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Phoenix Park-Kim | Memories & Variations

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Classical: Piano solo Easy Listening: Nostalgia Moods: Featuring Piano
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Memories & Variations

by Phoenix Park-Kim

Classical piano, old and new, that everyone can enjoy.
Genre: Classical: Piano solo
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  Song Share Time Download
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1. The Cohen Variations
6:40 $0.99
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2. Love Walked In
3:37 $0.99
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3. Embraceable You
3:14 $0.99
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4. Variations On Barbara Allen
8:25 $0.99
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5. Brother, Can You Spare a Dime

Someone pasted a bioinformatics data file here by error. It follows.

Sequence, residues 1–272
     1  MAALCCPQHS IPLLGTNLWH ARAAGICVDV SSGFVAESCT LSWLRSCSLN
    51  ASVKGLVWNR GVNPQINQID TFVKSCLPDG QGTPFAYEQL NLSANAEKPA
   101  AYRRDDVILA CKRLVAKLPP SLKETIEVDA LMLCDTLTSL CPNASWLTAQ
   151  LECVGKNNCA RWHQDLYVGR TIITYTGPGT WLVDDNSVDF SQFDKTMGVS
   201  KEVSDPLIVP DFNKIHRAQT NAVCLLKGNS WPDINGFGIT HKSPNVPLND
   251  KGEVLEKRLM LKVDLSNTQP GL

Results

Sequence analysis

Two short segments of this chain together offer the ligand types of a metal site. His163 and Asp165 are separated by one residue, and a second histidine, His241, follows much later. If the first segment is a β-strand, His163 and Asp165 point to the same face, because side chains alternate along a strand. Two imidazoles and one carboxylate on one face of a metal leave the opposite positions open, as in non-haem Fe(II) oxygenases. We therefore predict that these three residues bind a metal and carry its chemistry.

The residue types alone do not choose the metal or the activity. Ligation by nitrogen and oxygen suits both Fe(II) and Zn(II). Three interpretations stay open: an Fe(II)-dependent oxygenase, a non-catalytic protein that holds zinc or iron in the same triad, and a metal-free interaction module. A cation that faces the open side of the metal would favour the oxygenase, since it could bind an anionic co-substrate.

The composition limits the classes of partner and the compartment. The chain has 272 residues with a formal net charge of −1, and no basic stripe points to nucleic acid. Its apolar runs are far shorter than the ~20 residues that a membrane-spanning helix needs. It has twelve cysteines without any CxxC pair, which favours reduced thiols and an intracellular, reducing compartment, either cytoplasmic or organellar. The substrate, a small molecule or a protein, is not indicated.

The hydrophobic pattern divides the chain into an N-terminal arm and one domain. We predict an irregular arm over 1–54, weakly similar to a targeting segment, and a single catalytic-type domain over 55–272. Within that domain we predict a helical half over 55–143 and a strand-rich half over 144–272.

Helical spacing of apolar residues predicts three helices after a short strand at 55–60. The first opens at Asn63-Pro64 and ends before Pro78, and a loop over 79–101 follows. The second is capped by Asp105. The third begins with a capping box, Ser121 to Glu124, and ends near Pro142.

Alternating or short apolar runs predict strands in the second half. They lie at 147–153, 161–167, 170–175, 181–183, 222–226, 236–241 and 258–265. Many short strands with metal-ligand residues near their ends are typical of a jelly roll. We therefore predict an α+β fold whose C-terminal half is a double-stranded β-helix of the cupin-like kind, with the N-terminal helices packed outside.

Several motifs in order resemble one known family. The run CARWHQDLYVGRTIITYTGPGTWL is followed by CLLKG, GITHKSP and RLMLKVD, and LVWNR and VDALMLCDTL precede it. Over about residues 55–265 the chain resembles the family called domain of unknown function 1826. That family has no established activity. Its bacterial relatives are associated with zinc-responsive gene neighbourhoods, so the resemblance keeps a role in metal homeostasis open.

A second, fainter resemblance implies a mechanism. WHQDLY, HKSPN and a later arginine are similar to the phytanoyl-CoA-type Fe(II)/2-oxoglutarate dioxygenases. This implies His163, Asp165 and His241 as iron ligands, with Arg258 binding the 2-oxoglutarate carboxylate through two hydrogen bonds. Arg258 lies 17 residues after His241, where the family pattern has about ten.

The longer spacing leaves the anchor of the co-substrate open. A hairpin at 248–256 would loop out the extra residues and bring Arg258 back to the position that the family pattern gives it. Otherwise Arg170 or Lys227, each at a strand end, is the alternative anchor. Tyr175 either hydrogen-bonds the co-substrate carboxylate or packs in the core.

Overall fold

6:55 $0.99
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6. Variations On the Hymn Gott Erhalte, Hob. III:77
6:51 $0.99
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7. Rhapsodie Espagnole
14:15 $1.99
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8. Berceuse, Op. 57
4:02 $0.99
Downloads are available as MP3-320 files.

ABOUT THIS ALBUM


Album Notes
Daniel Felsenfeld’s The Cohen Variations are based on the song “Suzanne” by Leonard Cohen which Judy Collins first sang in her album in 1966. Cohen, a song writer and poet, created this beautiful song which was inspired by his relationship with Suzanne Verdal. The lyrics begin by describing the persona’s visits to her place by the river which seemingly lead to deeper and more complex feelings. The words begin to describe more than just romantic love between a man and a woman. The song is filled with multi-layered images, meanings, emotions, and alludes to deep spiritual connections. In The Cohen Variations, despite absence of words, Felsenfeld succeeds in expressing the ambiguity of complex feelings and the emotional tension of things unsaid between people. His use of polyphonic texture provides inner voices that carry more subtle and complex expressions within the unending simple melody. Yet there are moments of beautiful sonority formed by a contrapuntal unity and by the brilliant use of extreme registers of the piano where Felsenfeld takes the listener beyond the depths of the original song.